For many years, my work has explored the poetics of space and materiality through the creation of site-specific works that deal with our experiential and cultural relationship with the natural world.  – Janet Laurence, 2018

More information >

PETER DAVERINGTON

PETER DAVERINGTON’s major commission The Raft of the Clan will be launched 22 October at The Great Hall, Parliament House, Canberra, and officially launched by former Prime Minister Julia Gilliard AC.

Commissioned by CLAN, Care Leavers Australasia Network,the artwork celebrates the remarkable triumph of Care Leavers who endured cruel and abusive childhood in Australia’s Orphanages, Children’s Homes, Missions & Foster Care that were run by State Governments, Churches and Charities.

 Peter Daverington,  Raft of the Clan , oil and enamel on canvas, 260 x 397cm.

Peter Daverington, Raft of the Clan, oil and enamel on canvas, 260 x 397cm.

IMANTS TILLERS

Terry Smith’s lecture on contemporary painters focusing on IMANTS TILLERS is now online. The lecture at the Latvian National Museum of Art is part of Journey to Nowhere, a major solo exhibition of TILLERS works.

You can watch the full lecture here:

PAT BRASSINGTON

PAT BRASSINGTON's work A's Joy has been featured on the cover of the book, 'The Mummy’s Foot and the Big Toe: Feet and Imaginative Promise'. In this book Alan Krell addresses the absurd, the abject, the banal and the romantic, as he describes the appearance of the foot in literature, photography, art and film.

More information >

 Pat Brassington, A's Joy, 2005, pigment print, 84 x 62cm.

Pat Brassington, A's Joy, 2005, pigment print, 84 x 62cm.

JANET LAURENCE

 Janet Laurence,  What Colour is the Sacred? (Black)  (detail), 2018, plywood, acrylic, mirror, details of Karel Dujardin ‘Self-portrait’ 1662 printed on archival cotton rag, Oil glaze on acrylic, Carbon, bone, charcoal, ink, pigment, scientific glass, Barite, Goethite, Hematite, 45 x 60 x 45cm.

Janet Laurence, What Colour is the Sacred? (Black) (detail), 2018, plywood, acrylic, mirror, details of Karel Dujardin ‘Self-portrait’ 1662 printed on archival cotton rag, Oil glaze on acrylic, Carbon, bone, charcoal, ink, pigment, scientific glass, Barite, Goethite, Hematite, 45 x 60 x 45cm.

JANET LAURENCE has been invited to speak at 'Between Subjects and Collectiveness' at INHOTIM Institute, Brazil on 13 September 2018. The 4th International Education Seminar at Inhotim is focused on transformations subjects go through and their relationship with the environment in which they live. With guests from Brazil, Argentina, Austria, Chile, Colombia, India and Russia, the seminar proposes a reflection on the separation between the social and environmental dimension in contemporary life.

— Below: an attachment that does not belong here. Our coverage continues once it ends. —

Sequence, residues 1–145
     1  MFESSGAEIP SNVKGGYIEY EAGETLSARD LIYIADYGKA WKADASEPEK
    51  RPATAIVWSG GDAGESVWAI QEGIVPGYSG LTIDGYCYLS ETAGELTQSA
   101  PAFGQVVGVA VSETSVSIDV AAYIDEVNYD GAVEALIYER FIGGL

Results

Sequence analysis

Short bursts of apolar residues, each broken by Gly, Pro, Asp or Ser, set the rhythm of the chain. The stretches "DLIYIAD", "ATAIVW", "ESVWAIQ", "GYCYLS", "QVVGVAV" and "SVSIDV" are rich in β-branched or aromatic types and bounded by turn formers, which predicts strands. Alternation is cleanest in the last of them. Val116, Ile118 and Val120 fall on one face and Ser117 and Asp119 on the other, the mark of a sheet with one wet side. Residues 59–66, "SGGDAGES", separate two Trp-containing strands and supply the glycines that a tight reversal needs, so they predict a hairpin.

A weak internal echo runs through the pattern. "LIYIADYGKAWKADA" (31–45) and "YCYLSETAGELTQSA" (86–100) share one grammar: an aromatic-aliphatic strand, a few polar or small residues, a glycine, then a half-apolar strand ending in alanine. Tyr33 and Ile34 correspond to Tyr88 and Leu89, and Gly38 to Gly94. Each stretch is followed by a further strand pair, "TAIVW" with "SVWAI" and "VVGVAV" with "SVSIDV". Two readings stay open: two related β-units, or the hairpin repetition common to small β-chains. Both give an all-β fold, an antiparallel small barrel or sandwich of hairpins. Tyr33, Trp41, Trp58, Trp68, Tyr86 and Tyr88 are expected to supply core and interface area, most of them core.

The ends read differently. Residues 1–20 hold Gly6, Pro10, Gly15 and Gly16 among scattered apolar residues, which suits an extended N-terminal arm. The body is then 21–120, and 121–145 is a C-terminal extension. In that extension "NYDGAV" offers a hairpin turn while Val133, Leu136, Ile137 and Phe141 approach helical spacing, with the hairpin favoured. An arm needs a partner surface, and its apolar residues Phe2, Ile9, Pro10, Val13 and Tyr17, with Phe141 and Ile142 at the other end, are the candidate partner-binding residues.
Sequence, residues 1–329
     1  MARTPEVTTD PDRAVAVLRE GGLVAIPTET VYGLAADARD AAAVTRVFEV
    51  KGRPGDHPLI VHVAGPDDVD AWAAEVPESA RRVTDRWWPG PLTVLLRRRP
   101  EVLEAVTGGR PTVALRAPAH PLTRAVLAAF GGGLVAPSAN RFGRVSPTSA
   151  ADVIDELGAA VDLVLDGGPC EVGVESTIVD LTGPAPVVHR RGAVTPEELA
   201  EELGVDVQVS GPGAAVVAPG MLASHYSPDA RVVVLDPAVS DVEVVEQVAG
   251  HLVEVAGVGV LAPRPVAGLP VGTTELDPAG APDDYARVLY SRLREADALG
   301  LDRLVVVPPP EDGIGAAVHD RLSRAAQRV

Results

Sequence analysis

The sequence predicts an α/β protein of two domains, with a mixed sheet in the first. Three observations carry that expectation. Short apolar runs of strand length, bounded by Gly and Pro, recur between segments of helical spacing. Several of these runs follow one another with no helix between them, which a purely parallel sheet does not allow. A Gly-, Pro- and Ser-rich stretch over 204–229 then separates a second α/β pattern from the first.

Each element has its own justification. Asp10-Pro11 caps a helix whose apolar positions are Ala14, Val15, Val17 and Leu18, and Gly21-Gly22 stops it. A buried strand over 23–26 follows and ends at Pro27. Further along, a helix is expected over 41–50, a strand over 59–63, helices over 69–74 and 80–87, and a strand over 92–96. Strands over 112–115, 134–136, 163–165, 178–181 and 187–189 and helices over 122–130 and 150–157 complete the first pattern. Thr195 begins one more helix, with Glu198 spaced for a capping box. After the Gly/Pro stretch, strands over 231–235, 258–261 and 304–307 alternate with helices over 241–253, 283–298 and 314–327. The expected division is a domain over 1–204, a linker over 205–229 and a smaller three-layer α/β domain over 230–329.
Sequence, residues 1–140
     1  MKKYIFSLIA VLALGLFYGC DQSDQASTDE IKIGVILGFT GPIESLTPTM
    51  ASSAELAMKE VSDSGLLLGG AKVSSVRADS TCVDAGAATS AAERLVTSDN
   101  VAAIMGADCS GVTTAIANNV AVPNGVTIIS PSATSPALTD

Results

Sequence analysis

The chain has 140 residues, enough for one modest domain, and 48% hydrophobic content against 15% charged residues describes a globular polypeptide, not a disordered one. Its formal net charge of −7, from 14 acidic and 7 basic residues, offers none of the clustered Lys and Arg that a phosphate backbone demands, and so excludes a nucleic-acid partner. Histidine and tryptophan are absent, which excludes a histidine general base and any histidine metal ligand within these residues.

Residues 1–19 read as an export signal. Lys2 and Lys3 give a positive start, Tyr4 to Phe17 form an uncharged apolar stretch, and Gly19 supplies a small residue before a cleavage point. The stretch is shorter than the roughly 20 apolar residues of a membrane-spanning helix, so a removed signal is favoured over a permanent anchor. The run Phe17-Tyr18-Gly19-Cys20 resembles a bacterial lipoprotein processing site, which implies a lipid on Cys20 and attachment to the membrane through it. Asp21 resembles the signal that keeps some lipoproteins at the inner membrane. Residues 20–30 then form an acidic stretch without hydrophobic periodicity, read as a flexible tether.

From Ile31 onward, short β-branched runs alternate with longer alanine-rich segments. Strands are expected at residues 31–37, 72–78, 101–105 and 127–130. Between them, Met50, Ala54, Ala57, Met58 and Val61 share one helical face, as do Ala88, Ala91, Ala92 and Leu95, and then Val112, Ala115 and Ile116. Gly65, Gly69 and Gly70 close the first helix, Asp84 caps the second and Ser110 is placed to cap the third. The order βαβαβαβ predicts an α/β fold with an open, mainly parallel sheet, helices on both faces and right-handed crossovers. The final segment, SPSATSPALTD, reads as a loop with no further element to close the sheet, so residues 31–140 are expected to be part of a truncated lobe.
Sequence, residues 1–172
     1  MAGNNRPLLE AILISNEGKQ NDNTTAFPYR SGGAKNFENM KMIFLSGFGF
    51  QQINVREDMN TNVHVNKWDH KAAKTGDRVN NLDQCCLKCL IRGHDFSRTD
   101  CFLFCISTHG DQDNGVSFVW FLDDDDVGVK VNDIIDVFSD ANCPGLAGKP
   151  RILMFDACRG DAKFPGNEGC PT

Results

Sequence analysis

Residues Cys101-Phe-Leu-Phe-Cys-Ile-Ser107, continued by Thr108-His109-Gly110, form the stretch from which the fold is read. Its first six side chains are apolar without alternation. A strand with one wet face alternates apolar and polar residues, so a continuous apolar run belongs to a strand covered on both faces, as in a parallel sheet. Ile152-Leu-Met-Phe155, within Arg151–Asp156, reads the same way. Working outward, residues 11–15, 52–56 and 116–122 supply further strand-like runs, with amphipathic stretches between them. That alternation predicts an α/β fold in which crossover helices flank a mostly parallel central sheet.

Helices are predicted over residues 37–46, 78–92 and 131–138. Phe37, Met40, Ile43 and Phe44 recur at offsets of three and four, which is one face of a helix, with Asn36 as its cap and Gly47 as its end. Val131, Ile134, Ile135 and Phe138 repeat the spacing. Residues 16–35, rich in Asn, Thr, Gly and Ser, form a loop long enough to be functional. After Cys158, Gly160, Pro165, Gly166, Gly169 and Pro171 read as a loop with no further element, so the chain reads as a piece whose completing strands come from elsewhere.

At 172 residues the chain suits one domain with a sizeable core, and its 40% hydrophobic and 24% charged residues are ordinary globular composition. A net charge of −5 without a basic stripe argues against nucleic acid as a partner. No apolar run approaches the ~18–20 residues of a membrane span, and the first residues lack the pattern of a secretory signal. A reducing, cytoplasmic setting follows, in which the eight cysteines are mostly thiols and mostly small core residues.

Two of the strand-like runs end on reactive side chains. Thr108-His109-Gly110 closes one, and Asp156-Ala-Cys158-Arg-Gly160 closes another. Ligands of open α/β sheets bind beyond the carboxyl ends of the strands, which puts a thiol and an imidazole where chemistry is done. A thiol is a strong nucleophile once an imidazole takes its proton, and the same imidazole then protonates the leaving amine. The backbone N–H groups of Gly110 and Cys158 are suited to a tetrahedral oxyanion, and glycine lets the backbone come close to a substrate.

Panel Discussion 13 September | How can art question subject –environment relations?

More information >

JOHN YOUNG, HONEY LONG & PRUE STENT

‘Oceans from here’ at the Australian Centre for Photography in Sydney is currently on view. Featuring the work of JOHN YOUNG and HONEY LONG & PRUE STENT, the exhibition explores the aesthetics of water, and its ebb and flow as a global life force. John Young says of his work (above): "Nature is not only fragile, majestic and sublime in the old Kantian sense - but, as Virilio would have it, the ocean may well be frightful and monstrous in its answering back to the anthropocentric progressiveness of modernity’s folly".

The exhibition continues until 20 October.

More information >

 John Young,  Ancient Water I , 2018, Glicee print on archival Museo Silver Rag Paper, 73 x 126.5cm.

John Young, Ancient Water I, 2018, Glicee print on archival Museo Silver Rag Paper, 73 x 126.5cm.

CYRUS TANG

CYRUS_TANG_STUDIO.jpg.800x0_q85.jpg

CYRUS TANG has been profiled in NAVA's The Artist Files. 

In her video interview with NAVA, Tang chats about becoming an artist, developing her career and exploring her identity through her practice.

More information >

ROBERT OWEN

 Robert Owen,  Double Seed #2 , 2016-2018, from the 'Text of Light' series, Synthetic polymer paint on linen, 122 x 122cm.

Robert Owen, Double Seed #2, 2016-2018, from the 'Text of Light' series, Synthetic polymer paint on linen, 122 x 122cm.

ARC ONE Gallery is delighted to present, Afterglow, the latest body of paintings by leading Australian artist, ROBERT OWEN. These visually-arresting works continue the artist’s exploration of the perceptual and emotional effects of light, colour, and space.

Guided by curiosity and wonder, Robert Owen’s knowledge of colour is profound. In colour he nds harmony and melody, using chromatic combinations to achieve sensations that pulsate from the walls like sound waves or musical nuances. Afterglow at ARC ONE Gallery stems from one of Owen’s diary drawings executed while living on the Greek island of Hydra in the early 1960s. On the island, Owen witnessed an eclipse of the sun: an experience that has informed the artist’s enduring interest in the transcendent capacity of space, light, and colour.